Businesses need to be careful with personal data during pandemic

Methods using to collect customer data by small businesses are of dubious legality

Hairdressers often ask for personal data. But are the appropriate safeguards in place? Photo: PA

Hairdressers often ask for personal data. But are the appropriate safeguards in place? Photo: PA

 

As people continue to come out of lockdown and start using services again, there is an eagerness on the part of authorities to use contact tracing to prevent further outbreaks. While the State is championing the use of tech-based solutions, such as its Bluetooth-enabled app, many small businesses are instead taking it upon themselves to use low-tech solutions, such as paper questionnaires, to track contacts and even run pre-screenings. While perhaps understandable, given the circumstances, such methods are however of dubious legality, and run counter to the painstaking efforts taken by both campaigners and the authorities to get the contact-tracing technology data protection compliant.

Data protection laws aim to support the legitimate use of personal information whilst protecting those to whom the information relates. The protection of personal data is a right in the European Union. One of the rationales for the legal protection of personal data is to address power imbalances between individuals who agree or are compelled to disclose their data, and those who ask for it. The latter can include both global tech giants, many of whom have their EU headquarters in Ireland, and small businesses alike.

The law defines when and how it is legitimate to collect and use personal data, given the complexity of preventing misuse once data have been shared. Some forms of data processing carry greater potential for misuse than others. For example, data collected from mobile phones allow a detailed picture of individual habits to be gleaned, and can spark a feeling of constant surveillance, as the Court of Justice of the EU noted in the context of the Digital Rights Ireland proceedings. The disclosure of medical information can also negatively impact individuals’ lives, and its collection and use is subject to reinforced protection. The potential for misuse in both examples increases the larger the scale.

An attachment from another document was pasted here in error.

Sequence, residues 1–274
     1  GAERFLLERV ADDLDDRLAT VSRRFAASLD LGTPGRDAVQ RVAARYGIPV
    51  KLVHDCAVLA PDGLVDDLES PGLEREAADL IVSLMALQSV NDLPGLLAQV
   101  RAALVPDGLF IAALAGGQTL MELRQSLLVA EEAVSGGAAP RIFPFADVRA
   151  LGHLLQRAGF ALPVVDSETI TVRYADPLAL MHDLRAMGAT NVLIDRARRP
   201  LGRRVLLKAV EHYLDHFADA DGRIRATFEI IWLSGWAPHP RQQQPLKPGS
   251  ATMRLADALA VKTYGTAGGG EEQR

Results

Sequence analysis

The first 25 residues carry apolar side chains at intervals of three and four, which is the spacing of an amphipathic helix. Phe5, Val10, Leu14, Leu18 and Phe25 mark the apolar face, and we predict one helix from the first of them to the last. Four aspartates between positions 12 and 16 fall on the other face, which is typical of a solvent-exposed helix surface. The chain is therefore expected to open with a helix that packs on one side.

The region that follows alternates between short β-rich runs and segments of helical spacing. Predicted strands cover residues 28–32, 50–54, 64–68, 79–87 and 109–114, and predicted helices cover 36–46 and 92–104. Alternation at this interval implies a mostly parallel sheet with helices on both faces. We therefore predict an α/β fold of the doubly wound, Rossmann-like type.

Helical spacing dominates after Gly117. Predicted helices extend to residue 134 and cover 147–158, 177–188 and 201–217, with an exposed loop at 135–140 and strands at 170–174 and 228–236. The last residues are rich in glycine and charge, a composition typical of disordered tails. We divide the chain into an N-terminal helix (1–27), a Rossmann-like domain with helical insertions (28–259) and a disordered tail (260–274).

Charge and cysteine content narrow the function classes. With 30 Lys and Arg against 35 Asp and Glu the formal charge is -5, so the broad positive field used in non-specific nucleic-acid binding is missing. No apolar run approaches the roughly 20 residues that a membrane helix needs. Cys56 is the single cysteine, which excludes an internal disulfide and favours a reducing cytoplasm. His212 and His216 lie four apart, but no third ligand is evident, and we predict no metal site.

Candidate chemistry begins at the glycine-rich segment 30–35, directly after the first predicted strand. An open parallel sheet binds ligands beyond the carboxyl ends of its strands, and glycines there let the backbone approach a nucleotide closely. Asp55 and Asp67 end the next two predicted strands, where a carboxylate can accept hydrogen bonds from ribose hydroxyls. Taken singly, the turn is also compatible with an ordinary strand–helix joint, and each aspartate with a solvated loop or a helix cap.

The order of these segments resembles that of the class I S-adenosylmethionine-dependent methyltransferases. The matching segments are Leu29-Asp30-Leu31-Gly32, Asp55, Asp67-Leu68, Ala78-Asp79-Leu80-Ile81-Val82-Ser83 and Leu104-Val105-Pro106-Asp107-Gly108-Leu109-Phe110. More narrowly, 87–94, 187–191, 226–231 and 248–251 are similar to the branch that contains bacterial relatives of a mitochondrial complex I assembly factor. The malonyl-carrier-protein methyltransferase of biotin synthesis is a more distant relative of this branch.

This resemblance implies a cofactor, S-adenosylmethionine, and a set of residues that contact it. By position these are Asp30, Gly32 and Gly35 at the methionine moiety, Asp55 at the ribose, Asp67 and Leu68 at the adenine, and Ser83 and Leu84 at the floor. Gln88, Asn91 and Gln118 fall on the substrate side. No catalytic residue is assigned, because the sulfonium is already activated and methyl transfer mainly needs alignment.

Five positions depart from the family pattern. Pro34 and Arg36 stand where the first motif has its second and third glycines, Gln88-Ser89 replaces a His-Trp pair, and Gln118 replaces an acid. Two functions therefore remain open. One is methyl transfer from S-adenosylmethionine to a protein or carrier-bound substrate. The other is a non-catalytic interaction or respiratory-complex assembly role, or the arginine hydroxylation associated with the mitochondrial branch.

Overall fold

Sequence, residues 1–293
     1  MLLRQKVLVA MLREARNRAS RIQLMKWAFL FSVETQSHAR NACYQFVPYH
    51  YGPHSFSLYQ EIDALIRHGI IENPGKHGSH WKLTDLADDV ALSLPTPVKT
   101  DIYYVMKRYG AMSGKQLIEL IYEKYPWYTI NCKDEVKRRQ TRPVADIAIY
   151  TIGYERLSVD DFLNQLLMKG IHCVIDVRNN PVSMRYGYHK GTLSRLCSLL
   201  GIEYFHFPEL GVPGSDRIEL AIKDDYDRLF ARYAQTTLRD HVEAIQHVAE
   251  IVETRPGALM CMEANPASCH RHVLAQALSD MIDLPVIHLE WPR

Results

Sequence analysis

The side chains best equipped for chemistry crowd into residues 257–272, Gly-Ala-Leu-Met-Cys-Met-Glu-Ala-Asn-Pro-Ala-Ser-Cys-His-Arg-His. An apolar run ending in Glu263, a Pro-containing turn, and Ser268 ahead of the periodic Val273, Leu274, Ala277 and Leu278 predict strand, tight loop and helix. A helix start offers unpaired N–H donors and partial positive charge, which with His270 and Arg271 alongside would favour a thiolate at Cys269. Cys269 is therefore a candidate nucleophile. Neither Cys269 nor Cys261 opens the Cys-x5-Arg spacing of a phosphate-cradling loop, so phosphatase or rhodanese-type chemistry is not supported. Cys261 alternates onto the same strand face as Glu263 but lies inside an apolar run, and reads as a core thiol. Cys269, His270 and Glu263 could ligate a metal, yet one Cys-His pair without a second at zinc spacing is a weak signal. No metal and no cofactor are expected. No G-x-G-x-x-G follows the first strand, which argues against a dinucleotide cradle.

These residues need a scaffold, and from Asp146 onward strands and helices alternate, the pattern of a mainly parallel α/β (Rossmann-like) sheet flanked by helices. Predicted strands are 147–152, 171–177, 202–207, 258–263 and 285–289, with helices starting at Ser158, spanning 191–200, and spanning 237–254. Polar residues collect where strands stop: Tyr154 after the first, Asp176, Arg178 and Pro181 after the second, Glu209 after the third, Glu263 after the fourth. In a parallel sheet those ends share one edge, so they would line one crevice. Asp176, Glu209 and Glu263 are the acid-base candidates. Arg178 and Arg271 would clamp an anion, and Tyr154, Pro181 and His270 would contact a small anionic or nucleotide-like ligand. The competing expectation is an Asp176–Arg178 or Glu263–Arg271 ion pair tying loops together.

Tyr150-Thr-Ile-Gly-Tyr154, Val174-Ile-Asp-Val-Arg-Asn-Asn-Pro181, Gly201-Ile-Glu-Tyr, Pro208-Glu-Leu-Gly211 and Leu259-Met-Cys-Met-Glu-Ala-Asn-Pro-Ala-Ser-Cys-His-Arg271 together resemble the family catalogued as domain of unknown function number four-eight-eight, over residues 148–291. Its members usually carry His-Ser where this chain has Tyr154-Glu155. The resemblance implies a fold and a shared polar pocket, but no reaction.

Efforts to prevent further outbreaks involve all these factors: smartphones, medical data, and large-scale application. The Data Protection Commission, which is the body overseeing the protection of personal data, stresses that data protection laws do not stand in the way of containing the pandemic. Rather, legislation intends to guide which and how much information is needed to support the provision of healthcare and prevent a deluge of data which could then be potentially misused once the emergency is over. This is why a great deal of effort has been put into getting the contact-tracing app right. Its potential for constant surveillance on a mass scale creates exactly the type of power imbalance which the legislation is trying to prevent. Thus, the app is designed to collect proximity instead of location, and is voluntary rather than mandatory. And yet the app, as with other European counterparts, has only just been released and is thus untried.